The Gift of Failed Friendships
Just because it hurts doesn’t mean it won’t heal
Nothing hurts like a break up with a SO. Trust me. I’ve had my fair share. But have you ever gone through a friendship break up? While they don’t always share the dramatic flair of romantic break ups, that doesn’t make them hurt any less. Losing a friend is like losing a family member. Chosen family that is.
As adults, it’s commonly understood that when romantic relationships aren’t working, you end them. Thank god, my understandings of romantic relationships evolved past the “for life” delusion early on in life. When it comes to friendship, it’s not so obvious though. Up until a recent friendship break up, I had this subconscious belief that when you found a close friend, you would be close with them forever, you were like family. My ideas of friendship hadn’t changed much since the schoolyard, a time when all my girlfriends and I were “BFF4L.”
But shouldn’t friendships be about the same thing as romantic relationships: a commitment to mutual satisfaction that is nurtured through respect, communication and boundaries?
If you’ve just broken up with a close friend, or been broken up with, it could feel like a friendship failure. But don’t freak out too hard. Allow yourself to feel the loss and pain. Whenever you’re ready to see it, there’s a lot of good in parting ways with a close friend. While conflict with friends can be hard, learning to navigate it maturely and knowing when you need to step away is an invaluable skill.
Practicing conflict without ego
Have you ever noticed that you’re at your absolute pettiest when in conflict with a parent or romantic partner? These seem to be the places that we can be the most triggered, where our inner child lashes out, or our insecure attachment styles become activated.
While every friend dynamic is different, generally, friendships are built on less intense dynamics than those with family or romantic partners. Additionally, cultural expectations around what kind of communication and conflict is acceptable in friendship dynamics is different. You can’t say to a friend what you might feel like you can say to a family member or partner. That means that friendship can be a place to practice arriving at conflict without activating our toxicity, where you can learn how to “fight” in mature, non-trauma informed way.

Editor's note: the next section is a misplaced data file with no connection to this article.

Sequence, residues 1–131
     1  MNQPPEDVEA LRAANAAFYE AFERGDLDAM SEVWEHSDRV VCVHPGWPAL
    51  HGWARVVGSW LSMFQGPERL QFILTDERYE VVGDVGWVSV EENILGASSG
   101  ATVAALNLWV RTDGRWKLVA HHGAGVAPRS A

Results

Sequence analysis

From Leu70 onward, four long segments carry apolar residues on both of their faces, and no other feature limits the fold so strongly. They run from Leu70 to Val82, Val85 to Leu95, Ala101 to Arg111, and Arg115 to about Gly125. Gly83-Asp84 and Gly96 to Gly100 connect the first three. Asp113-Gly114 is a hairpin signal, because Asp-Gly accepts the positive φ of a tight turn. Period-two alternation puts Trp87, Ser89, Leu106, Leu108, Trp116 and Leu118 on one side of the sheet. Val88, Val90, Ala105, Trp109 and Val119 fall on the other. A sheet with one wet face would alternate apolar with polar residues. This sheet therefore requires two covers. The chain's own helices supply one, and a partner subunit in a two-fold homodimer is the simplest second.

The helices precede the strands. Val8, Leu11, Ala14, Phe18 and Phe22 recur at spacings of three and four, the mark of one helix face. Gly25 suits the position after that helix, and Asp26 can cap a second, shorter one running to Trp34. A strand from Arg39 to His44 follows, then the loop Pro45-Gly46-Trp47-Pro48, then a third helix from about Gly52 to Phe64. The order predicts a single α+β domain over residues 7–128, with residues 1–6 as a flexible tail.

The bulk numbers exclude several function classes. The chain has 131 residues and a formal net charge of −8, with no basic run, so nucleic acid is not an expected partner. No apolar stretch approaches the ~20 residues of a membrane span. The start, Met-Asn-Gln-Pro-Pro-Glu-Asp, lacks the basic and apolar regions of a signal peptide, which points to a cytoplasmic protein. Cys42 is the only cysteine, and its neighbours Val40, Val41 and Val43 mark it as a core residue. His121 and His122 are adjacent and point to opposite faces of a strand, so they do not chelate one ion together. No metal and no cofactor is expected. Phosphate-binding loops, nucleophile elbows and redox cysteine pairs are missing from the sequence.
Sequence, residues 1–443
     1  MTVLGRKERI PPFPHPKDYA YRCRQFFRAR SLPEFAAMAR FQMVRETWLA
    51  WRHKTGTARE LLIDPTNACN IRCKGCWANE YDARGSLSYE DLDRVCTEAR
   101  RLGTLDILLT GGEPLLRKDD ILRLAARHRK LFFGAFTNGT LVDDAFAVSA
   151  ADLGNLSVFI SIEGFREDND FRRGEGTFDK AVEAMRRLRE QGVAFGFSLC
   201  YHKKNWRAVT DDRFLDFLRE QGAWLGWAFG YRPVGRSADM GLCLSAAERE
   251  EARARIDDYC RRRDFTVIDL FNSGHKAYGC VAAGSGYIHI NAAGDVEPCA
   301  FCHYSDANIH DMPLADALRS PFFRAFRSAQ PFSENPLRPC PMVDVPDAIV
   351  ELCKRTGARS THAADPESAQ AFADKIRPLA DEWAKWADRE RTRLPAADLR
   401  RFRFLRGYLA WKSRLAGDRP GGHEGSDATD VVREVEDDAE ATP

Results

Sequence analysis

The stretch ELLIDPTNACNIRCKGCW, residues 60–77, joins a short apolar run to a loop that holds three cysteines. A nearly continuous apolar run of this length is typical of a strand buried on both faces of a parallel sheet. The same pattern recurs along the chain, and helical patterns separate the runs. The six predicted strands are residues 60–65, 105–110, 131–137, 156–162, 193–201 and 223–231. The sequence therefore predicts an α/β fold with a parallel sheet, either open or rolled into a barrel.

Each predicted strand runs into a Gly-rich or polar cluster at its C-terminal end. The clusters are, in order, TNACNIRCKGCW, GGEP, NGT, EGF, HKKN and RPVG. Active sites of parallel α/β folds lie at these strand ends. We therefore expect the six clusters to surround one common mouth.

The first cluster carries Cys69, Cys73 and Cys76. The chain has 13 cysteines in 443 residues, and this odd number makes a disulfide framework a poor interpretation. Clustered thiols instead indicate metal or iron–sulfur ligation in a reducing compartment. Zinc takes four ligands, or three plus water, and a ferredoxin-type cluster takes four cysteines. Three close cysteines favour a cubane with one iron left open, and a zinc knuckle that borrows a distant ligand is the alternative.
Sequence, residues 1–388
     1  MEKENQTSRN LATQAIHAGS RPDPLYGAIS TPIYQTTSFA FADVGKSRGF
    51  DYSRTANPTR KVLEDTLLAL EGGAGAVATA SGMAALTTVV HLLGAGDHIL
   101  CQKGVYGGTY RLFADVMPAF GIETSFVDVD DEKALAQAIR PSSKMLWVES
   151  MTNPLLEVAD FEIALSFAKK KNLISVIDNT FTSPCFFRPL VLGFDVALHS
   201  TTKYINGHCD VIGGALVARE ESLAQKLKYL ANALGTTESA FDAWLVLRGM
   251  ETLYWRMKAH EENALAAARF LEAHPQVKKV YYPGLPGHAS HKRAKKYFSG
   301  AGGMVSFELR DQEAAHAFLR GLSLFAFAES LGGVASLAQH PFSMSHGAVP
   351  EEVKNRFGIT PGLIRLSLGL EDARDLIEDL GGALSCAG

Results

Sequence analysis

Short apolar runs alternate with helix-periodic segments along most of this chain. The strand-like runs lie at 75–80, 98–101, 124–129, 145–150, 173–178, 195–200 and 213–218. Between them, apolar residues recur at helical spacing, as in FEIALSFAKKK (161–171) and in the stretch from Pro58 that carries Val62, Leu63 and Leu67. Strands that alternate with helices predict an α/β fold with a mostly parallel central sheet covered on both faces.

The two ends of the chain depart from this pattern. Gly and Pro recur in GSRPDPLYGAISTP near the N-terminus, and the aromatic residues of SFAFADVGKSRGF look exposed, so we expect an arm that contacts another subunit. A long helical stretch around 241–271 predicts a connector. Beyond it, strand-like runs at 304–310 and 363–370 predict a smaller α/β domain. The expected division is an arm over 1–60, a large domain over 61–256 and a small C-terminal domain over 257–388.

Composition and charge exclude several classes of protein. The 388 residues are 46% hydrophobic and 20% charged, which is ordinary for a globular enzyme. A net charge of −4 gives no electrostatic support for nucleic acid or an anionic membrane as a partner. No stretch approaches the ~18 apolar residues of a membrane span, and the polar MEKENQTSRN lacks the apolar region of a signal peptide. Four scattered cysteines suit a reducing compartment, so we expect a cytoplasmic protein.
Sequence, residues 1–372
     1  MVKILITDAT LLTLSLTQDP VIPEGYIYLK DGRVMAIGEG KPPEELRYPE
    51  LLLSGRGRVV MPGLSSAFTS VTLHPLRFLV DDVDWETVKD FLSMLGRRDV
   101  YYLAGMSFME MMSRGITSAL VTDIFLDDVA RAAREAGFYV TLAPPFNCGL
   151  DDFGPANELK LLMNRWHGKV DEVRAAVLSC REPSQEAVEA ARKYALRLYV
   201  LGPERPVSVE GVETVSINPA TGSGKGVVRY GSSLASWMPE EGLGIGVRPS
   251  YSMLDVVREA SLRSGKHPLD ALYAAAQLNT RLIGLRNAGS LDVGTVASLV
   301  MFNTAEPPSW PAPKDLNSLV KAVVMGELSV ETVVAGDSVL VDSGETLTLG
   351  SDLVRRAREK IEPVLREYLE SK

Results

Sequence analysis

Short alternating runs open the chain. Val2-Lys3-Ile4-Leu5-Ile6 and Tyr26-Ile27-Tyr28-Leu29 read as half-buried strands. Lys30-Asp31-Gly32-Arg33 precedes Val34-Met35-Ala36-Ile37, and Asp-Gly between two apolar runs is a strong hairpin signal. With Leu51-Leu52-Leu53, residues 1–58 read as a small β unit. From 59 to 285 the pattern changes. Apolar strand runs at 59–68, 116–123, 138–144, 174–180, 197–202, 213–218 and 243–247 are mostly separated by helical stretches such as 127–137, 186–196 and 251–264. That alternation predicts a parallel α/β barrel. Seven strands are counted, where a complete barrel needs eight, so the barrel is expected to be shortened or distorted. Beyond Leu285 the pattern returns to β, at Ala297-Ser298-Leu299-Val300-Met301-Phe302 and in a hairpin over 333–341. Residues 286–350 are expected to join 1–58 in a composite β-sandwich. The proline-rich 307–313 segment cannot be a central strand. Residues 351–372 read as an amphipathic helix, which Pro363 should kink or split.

Also, in family or romantic conflict, sometimes it’s hard to see conflict clearly. Friendships give you a place to exercise and learn about your boundaries without the chemical and emotional rose colored glasses of romantic or familial love. When you’re not “in love” with someone, you might be willing to put up less, see irresolvable conflict for what it is, and learn how to adapt.
Learning from the Ending
I know, I know. Sometimes you just want to look up into the sky and scream at whatever is out there: “I’m done learning! I’m done growing!” Sorry buddy, it never stops. While it’s gonna hurt like a MF to lose a friend, what you’re doing is growing in your ability to be a partner. You’re learning what it takes to keep two people happy in any kind of relationship.
You might have learned when to cut off access to yourself when your boundaries are not being respected. You might learn the ways that you don’t or can’t show up for someone else’s boundaries. Either way, it’s a place to learn about your attachment and conflict style so that you can grow and apply that growth to other relationships.
In business relationships, office settings, creative partnerships, parenting, (the list goes on) knowing how to set and respect boundaries and communicate through conflict is insanely vital! You literally will not be a functional adult without it. (If that exists?)
When a friendship ends, it ends for a reason, which means you can put all that practice and learning to good use. As corny as it sounds, if you’re learning you’re not failing, no matter how it ends up. When a friendship ends, a space opens up in your life. You make space for who and what aligns with your values to come into your life. Maybe that will be a healthier friendship, or maybe that means focusing on you and healing from your recent loss.
Yeah, “friends forever” sounds great, but in reality that kind of unconditional love is a phenomenon reserved for few kinds of relationships, like parent to child. And that’s a good thing! Without boundaries and conditions, we create spaces where our humanity is not honored and our truest needs are not treated as vital to the relationship. Adult relationships, whether romantic or not, need to be founded in mutual respect and satisfaction. Maybe it’s not as Disney as you might want, but it’s the only way you can grow as a partner and as an overall person. You know what they say- calm seas never made a good sailor! Really, that’s one of the gifts of failed friendships: learning how to weather the absolute shit storm of life.